Everyone always complains that Hollywood never makes anything new. Because it seems like every movie that comes out is a remake, a sequel, or a remake of a sequel. So we thank the movie gods whenever something new comes along. But sometimes? Well, sometimes they trick us. Sometimes what seems new is just another remake. Check out these seemingly original movies that are secretly remakes.
"The Departed," 2006
The Boston crime flick by Martin Scorsese, which stars Leonardo DiCaprio as an undercover cop who joins a gang, is identical to "Internal Affairs," a 2002 Hong Kong film. The only difference is the location these movies took place. Motherf*cking copycats!
"A Fistful Of Dollars," 1964
Clint Eastwood played a nameless character who exploits two gangs fighting for control of a Mexican bordertown. But Hollywood clearly wanted more than "A Fistful of Dollars," cause the MOFOs stole the exact same plot from the Japanese film,"Yojimbo," 1961.
Al Pacino starred as a Cuban immigrant who got in the drug trade to live the "American Dream". But say hello to my little friend from 1932, also called "Scarface: The Shame of a Nation." It had a similar premise, except the main character was Italian and it took place in Chicago, not Miami.
"The Last House On The Left," 1972
The Wes Craven horror flick took a lot from the Swedish film, "The Virgin Spring," 1960. But while both films showed a religious father going apesh*t on the men who raped and killed his daughter, Craven's version was a lot gorier.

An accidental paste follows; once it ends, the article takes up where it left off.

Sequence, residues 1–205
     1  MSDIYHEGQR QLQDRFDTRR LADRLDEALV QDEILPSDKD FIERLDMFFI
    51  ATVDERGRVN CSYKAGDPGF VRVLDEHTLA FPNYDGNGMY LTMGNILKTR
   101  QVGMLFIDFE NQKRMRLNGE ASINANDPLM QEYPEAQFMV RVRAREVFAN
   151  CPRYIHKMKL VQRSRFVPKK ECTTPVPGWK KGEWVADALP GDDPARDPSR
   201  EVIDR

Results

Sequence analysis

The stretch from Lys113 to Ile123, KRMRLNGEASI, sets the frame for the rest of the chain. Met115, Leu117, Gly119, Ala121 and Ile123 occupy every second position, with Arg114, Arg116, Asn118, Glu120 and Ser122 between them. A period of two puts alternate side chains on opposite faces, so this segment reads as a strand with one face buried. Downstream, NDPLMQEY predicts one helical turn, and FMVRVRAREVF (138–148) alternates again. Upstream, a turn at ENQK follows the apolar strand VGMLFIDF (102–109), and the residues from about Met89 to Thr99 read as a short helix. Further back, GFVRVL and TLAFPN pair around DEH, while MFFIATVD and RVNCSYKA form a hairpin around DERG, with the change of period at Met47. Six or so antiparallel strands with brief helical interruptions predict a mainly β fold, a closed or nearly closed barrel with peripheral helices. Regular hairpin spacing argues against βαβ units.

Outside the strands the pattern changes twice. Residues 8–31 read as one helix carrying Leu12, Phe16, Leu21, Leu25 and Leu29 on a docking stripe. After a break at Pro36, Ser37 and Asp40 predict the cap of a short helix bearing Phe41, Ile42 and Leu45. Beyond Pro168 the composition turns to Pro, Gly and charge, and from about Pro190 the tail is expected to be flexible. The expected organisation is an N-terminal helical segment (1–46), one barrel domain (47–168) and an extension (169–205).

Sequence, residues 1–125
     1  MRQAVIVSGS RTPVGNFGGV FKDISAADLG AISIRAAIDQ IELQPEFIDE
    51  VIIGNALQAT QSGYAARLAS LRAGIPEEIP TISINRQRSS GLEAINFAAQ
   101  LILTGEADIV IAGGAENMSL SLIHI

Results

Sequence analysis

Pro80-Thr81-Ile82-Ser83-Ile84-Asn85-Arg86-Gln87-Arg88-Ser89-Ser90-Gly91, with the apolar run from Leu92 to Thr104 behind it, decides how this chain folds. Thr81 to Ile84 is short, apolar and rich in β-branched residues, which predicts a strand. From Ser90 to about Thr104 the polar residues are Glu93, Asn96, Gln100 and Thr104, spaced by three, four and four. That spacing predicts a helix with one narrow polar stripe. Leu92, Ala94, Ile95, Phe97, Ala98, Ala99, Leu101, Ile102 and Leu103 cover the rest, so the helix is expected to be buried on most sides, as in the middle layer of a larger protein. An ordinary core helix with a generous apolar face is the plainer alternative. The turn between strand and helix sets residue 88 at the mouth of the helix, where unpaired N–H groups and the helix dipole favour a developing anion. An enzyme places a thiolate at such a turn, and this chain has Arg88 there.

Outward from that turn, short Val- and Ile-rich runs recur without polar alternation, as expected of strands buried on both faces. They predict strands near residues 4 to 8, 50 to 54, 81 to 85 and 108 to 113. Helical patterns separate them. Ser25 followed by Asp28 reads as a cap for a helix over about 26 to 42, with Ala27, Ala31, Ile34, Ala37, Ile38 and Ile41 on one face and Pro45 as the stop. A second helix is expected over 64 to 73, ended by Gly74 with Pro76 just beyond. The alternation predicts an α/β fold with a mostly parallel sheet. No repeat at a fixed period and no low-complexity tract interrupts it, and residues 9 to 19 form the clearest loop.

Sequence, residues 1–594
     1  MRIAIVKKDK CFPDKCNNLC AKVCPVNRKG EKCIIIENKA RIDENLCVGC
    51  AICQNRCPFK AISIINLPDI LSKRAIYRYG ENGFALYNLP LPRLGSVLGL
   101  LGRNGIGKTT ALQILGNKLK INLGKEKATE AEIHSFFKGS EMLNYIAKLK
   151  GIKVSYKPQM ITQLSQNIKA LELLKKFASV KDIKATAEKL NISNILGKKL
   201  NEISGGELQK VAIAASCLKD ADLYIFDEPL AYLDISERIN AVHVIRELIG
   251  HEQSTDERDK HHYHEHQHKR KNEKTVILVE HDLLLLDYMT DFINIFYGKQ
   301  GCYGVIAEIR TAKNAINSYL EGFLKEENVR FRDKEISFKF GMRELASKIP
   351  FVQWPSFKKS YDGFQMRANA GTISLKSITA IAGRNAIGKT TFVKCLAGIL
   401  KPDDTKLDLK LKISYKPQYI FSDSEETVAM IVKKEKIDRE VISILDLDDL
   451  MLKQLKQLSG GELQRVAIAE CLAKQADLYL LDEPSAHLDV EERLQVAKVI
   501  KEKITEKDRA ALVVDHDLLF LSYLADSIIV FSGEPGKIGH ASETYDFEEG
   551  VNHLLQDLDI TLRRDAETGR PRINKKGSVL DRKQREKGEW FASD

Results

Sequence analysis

The time traveling film by Terry Gilliam, which stars Brad Pitt, is similar to the short French film "La Jetee," 1962. The story is virtually identical in that it involved traveling back in time from a post-apocalyptic future to save the world from total annihilation. So creative...NOT.
"The Thing," 1982
John Carpenter failed to make a successful hit with the flick about a terrifying creature in the Arctic, but there are some Sci-Fi fans who loved the flick. But it's a knock off of "The Thing From Another World," 1951, which drew inspiration from a novel by John W. Campbell called "Who Goes There?"
"You've Got Mail," 1998
Meg Ryan and Tom Hanks had definite chemistry during the AOL era love story, but we're not loving the fact that it's based on "Parfumerie," a Hungarian play from 1937. It was later adapted as a film called "The Shop Around The Corner," 1940. Plagiarism much?
"Ocean's Eleven," 2001
Long before director Steven Soderbergh brought the comedy heist with George Clooney to life, director Lewis Milestone directed "Ocean's 11," 1960. The concept of the heist was the same, but starred big names like Frank Sinatra, Dean Martin, and Sammy Davis, Jr.
"The Ring," 2002
The horror flick about a creepy ghost named Samara who jumps out of your TV screen and kills you seven days after watching a tape is basically the American adaption of the 1998 Japanese movie called "Ringu." But both were creepy AF, I'll give them that!
"What A Girl Wants," 2003
Amanda Bynes stars as an American teen who learns her biological dad is really a rich British politician. But there's a 1955 version called "The Reluctant Debutante", and starred Angela Lansbury. Besides the copycat premise, they have something in common, neither was a hit.
"Cape Fear," 1991
The film starring Robert DeNiro is about a rapist, who gets released from prison after 14 years and goes after his defense lawyer's family. Martin Scorsese took the idea from the 1962 version of the same name. But gave three of the original main stars a cameo in the remake.
The comedy film starring Robin Williams, who plays an absent-minded professor who comes up with a gravity defying substance, is based on the 1961 film, "The Absent Minded Professor." But despite Williams performance, it lacked the slap-stick humor of the original film.